13 July 2014
War is a suffocating dead-end tunnel
The French, the Americans and the Chinese all tried to quell the Vietnamese people in the past sixty years. They all failed, stumbling on Vietnamese tenacity – but not without leaving deep scars. Did you know that the US army dropped three times as many bombs on Vietnam as the total number of bombs dropped during the Second World War? And did you know that Agent Orange, the infamous defoliant poured across southern Vietnam to deprive combatants of food and resources, was only recently officially admitted as having had and still having disastrous effects, some children being born without eyes? Yep, pretty horrible. For a pretty good and brief documentary on the topic, head to this recent New York Times video. And of course, how could I not mention Coppola’s extraordinary film Apocalypse Now, an adaptation of Joseph Conrad’s Heart of Darkness to the Vietnam War, with its famously chilling helicopter scene and Ride of the Valkyries as background music:
More than half of today’s Vietnamese people were born after the war against the US. Museums and the school curriculum undoubtedly remind them of the war’s atrocities, although with an obvious bias towards depicting the horrors committed by the enemy and never showing any of what its own troops did. I decided not to include the picture showing a torn limb attached upside down to a corpse, allegedly committed on a Vietnamese by the French. I left the ones showing Americans smiling as they look down on corpses and that of an American tank dragging a corpse along the streets. Being fed alive to ants or tortured with razor-sharp bamboos were the privilege of the People’s Army of Vietnam – but obviously that wasn’t displayed. Tit for tat, it’ll never end – just see what's happening today in the Middle East.
Graphic black-and-white photos on one side, posters, paintings and sculptures on another. The latter often represented the courageous Vietnamese soldier, protecting his family or persistent in pushing the canons up the hills at Dien Bien Phu. Among all this propaganda in pastel or full-of-life colours, apology of war or praise to resistance however one views it, I think I was more moved – and perhaps a little petrified, if I may say – by the smooth sculpture representing the ghost of a soldier with his helmet laying in imaginary hands – or maybe is it the mantle of death collecting its due. I took the time to detour my photo and placed the sculpture on top of a black background, as I think it makes the symbolism more powerful.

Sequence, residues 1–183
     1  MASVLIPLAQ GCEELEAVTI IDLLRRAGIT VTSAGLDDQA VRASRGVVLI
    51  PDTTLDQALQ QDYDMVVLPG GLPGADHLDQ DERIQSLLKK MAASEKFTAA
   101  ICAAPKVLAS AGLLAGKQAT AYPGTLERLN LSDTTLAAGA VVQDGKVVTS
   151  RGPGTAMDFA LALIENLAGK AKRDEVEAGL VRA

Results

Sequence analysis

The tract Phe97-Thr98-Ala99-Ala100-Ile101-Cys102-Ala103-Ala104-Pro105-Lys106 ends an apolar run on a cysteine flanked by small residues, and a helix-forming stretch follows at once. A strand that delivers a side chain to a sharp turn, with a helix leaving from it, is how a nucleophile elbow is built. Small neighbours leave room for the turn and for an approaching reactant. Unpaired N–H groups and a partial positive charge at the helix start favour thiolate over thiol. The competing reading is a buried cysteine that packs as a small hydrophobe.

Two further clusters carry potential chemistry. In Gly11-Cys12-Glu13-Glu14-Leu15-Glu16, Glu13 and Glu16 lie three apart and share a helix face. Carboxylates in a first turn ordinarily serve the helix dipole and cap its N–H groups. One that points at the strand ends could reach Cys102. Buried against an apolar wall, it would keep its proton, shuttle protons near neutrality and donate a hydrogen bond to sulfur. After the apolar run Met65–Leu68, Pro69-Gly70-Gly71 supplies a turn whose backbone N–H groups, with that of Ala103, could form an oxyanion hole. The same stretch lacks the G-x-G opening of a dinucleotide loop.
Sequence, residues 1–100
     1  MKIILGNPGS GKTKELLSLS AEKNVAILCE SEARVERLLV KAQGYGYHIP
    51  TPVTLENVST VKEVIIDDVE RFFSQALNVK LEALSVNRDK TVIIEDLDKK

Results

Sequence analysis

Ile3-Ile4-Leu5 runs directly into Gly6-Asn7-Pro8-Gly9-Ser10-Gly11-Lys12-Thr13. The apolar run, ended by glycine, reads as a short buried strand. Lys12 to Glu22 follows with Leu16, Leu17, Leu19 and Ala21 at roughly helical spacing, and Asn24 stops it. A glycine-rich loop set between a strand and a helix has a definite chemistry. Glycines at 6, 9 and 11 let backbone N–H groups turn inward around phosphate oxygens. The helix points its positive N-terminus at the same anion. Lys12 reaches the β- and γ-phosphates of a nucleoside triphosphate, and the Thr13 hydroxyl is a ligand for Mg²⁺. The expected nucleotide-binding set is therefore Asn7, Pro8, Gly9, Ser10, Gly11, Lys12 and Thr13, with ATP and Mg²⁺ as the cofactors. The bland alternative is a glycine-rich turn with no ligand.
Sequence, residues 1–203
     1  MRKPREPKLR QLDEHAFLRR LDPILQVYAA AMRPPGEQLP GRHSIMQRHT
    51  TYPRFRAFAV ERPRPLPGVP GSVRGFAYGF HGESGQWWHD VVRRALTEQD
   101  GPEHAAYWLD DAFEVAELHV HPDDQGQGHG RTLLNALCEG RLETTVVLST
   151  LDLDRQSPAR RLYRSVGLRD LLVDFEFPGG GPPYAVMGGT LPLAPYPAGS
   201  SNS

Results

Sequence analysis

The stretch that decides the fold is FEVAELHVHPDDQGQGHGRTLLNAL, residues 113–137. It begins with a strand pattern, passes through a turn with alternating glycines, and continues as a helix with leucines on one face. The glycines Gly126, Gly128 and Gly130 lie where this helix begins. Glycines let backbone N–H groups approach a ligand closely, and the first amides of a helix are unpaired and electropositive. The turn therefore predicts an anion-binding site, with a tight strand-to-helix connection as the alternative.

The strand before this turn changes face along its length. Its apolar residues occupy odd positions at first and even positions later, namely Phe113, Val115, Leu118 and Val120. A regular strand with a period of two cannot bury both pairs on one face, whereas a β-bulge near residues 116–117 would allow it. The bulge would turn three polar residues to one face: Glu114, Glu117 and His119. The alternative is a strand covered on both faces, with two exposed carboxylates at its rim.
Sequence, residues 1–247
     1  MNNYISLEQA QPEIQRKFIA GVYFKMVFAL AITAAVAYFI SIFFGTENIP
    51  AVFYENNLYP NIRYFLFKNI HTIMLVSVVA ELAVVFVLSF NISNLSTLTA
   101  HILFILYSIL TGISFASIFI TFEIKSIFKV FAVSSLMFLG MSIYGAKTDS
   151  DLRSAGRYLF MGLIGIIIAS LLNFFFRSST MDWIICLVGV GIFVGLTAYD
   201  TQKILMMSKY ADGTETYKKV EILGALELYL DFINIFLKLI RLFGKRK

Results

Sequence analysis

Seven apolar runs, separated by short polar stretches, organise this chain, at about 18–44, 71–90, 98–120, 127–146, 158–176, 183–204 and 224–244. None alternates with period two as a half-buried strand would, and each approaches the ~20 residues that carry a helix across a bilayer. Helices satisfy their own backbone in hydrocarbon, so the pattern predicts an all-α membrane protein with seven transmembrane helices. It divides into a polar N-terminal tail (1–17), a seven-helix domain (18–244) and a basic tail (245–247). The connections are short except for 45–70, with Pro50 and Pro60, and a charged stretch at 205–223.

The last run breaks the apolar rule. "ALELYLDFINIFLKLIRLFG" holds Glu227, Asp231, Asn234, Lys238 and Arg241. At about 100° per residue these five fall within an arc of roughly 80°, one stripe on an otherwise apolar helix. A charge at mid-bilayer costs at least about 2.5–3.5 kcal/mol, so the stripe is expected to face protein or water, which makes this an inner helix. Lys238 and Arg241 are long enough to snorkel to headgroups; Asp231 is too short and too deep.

Remains of tanks and fighter jets are still scattered in various cities across Vietnam. Yet perhaps the most vivid example of the ingenuity of the Viet Congs in combating a much stronger opponent is the tunnels. 250 kilometres of tunnels were dug in the countryside and under the jungle, not far away from Saigon. Those were mostly used by fighters, quickly hiding after launching their attacks, but also serving as supply routes and hospitals. Other tunnel networks existed elsewhere in the country, also used by civilians. Part of those tunnels can be visited today, in particular near Cu Chi. Even if they were a bit widened, they are still incredibly narrow (80 centimetres high, 50 centimetres wide) and terribly hot and humid, making it hard to breathe and inevitably making one sweat quite a bit. Oh and I should mention that bats bump into your face as you painfully try to progress in the tunnel maze. Back in the days, the tunnels were also infested with scorpions and delicious spiders. Yummy.
I didn’t even initially notice a tunnel entrance hidden under a pile of leaves. I could only enter it diagonally, arms up in the air. One thing I forgot to check though: that this was a real entrance, and not a booby-trapped one. For the Viet Congs had created false entrances with snakes, wooden spikes or even explosives. Some enemies got stuck when they encountered horrifyingly-but-correctly-called dead ends (because they died there, probably lost). Can you guess what was the method used by Americans to render those tunnels ineffective? I’ll give you three options to choose from:
– flushing the tunnel entrances with gas or water,
– tossing grenades into the holes,
– or carpet-bomb the whole area.
Well, you guessed it: they used all three techniques and while the last one eventually managed to cave in some portions of the tunnels, it proved too late and the Americans were shamefully kicked out of Vietnam. Close to forty years later, both countries are at peace so let me finish this post with a Vietnamese proverb: “dĩ hoà vi quý” which literally means “making peace is treasured”, or more freely translated in English as “make love, not war”. A word to the wise is enough.